Virginia removes 12-ton Robert E. Lee statue from Richmond’s Monument Avenue
A towering bronze depiction of General Robert E Lee – one of the largest Confederate statues in the US – has been removed from its pedestal in Richmond, Virginia, the former capital of the Confederacy.
At 8:54 a.m., a man in an orange jacket waved his arms, and the 21-foot statue rose into the air and glided, slowly, to a flatbed truck below. The sun had just come out and illuminated the towering gray pedestal as a small crowd on the east side of the monument let out a cheer.
“As a native of Richmond, I want to say that the head of the snake has been removed,” said Gary Flowers, a radio show host and civil rights activist, who is Black and was watching the activity. He said he planned to celebrate on Wednesday night and would tell pictures of his dead relatives that “the humiliation and agony and pain you suffered has been partly lifted.”
“This is an important step in showing who we are and what we value as a Commonwealth,” Northam said in a statement.
Last week, the Supreme Court of Virginia denied or dissolved injunctive relief sought in two lawsuits challenging the statue’s removal — one filed by a descendant of the former owners of the land where the monument stands, the other by several owners and a trustee of property in the area’s historic district — allowing the state to move forward with its plans.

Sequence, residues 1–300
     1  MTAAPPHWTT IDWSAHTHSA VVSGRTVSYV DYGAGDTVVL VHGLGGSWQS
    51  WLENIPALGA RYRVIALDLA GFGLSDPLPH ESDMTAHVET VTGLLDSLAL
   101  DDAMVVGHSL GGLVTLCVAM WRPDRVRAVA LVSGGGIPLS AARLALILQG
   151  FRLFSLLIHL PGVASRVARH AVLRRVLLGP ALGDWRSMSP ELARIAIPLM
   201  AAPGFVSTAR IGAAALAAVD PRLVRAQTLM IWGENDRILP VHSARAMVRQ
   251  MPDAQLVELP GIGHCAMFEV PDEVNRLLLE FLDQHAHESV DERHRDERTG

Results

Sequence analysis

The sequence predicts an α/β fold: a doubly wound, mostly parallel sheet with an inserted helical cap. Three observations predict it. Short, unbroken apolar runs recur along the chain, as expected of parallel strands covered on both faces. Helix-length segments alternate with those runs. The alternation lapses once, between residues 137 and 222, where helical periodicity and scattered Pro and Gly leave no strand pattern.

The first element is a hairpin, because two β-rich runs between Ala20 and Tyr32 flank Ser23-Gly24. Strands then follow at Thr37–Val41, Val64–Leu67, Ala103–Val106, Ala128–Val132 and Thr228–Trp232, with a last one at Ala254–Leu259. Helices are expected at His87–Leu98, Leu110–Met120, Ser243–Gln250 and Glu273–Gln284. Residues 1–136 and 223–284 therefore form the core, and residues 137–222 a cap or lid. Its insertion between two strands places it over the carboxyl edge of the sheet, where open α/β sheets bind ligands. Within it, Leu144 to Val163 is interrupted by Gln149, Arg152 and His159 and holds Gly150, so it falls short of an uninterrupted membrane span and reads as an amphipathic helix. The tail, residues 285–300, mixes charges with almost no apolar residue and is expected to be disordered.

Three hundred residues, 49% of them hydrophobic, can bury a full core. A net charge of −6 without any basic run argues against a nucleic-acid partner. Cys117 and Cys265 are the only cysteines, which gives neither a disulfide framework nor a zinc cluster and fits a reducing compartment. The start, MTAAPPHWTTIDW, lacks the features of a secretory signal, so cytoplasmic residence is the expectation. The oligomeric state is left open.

The removal is “extremely complex,” the state’s Department of General Services said, requiring “coordination with multiple entities to ensure the safety of everyone involved.” The removal process began Tuesday evening with crews installing protective fencing on the streets near the monument.
A statue of Black tennis hero and Richmond native Arthur Ashe that was erected on the avenue in 1996 is expected to remain.
As for the Lee statue, Northam has said his administration will seek public input on what should happen to it next.